Full House is an innovative multi-generational housing typology developed in the City of Vancouver. While this project is a contextual response to the economic, social, and urban conditions of this specific place, Canada is bearing witness to skyrocketing real estate prices across our major urban centers and a general increase in the numbers of adult children living with their parents. In a city where the average price for a detached house is now over $1,800,000, multi-generational living is the only viable option for homeownership for many families.
Regardless of whether the situation is a result of choice or financial necessity, the benefits of multi-generational living are becoming widely recognized: financial support, mutual benefits for young and old through childcare, decreased physical and emotional isolation for ageing grandparents, as well as emotional bonding and closeness across generations. The benefits to grandchildren includes empathy, care for elders, as well as important social role-modelling.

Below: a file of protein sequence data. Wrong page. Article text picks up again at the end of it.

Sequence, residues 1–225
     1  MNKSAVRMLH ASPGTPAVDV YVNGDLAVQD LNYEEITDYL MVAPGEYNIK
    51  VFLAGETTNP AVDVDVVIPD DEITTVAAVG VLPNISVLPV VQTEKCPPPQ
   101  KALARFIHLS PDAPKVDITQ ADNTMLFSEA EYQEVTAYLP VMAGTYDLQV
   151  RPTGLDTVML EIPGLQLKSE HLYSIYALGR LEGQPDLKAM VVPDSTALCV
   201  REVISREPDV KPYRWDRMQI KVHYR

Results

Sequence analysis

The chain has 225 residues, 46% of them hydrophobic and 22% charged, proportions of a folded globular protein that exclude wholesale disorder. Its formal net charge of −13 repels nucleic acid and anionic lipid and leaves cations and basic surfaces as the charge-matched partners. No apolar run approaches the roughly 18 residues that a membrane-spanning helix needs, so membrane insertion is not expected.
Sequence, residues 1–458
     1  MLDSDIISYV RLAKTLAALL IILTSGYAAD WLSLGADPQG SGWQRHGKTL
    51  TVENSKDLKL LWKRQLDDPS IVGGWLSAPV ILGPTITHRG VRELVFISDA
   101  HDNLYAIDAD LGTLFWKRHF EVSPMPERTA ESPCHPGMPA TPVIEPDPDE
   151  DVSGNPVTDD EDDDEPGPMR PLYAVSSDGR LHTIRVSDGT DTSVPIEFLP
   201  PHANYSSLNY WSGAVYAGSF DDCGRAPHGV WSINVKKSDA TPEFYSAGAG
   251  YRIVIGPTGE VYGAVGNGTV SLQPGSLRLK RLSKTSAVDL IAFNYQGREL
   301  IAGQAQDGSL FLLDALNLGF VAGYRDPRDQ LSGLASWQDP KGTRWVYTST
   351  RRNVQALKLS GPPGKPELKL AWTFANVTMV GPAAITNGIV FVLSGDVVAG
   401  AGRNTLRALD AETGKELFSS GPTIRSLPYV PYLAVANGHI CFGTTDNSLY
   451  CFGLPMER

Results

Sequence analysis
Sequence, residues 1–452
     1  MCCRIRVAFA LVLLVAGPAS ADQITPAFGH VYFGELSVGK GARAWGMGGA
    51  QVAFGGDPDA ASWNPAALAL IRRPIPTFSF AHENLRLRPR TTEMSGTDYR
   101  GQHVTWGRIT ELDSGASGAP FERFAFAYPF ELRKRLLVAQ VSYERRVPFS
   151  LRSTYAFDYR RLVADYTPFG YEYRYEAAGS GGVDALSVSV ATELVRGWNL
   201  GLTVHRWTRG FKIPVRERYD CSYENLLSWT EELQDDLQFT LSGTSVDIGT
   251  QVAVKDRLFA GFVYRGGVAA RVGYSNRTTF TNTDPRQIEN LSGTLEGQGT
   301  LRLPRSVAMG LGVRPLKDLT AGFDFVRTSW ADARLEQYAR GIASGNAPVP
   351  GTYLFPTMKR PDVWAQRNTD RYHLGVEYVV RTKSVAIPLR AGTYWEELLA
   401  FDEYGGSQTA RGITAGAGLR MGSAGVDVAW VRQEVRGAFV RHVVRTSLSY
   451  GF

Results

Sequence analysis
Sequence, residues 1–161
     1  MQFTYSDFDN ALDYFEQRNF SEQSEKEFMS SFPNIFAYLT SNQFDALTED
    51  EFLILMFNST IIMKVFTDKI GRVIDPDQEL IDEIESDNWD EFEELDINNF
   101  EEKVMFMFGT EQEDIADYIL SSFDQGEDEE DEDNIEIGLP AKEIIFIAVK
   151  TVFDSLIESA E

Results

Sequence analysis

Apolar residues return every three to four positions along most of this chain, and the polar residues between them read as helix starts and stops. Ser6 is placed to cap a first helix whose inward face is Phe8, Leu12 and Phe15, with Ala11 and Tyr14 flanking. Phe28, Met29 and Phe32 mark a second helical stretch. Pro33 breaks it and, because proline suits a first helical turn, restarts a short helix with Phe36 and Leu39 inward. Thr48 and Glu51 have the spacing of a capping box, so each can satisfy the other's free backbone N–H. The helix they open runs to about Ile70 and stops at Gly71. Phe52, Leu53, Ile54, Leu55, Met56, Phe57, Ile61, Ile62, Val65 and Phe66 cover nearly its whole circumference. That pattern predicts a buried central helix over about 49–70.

Full House is conceived as a 5 bedroom home with a 1 bedroom laneway house. The essence of the project is the main floor pivot door – inspired by Marcel Duchamp’s Door: 11, rue Larrey (1927) – a door that is hinged between 2 possible frames, thus modulating adjacent spaces. In this project, the device is a similar pivoting steel plate partition that can occupy three possible positions, and in each position alters the architectural programming of the suites in the house.
The life of the main house is understood as existing at any point in time through 3 basic scenarios, facilitated by the operation of the Duchamp Door:
- Scenario A / Two discrete dwelling units: 3 bedroom suite + 2 bedroom suite
- Scenario B / Two discrete dwelling units: 4 bedroom suite + 1 bedroom suite
- Scenario C / One large multi-generational home: 5 bedroom suite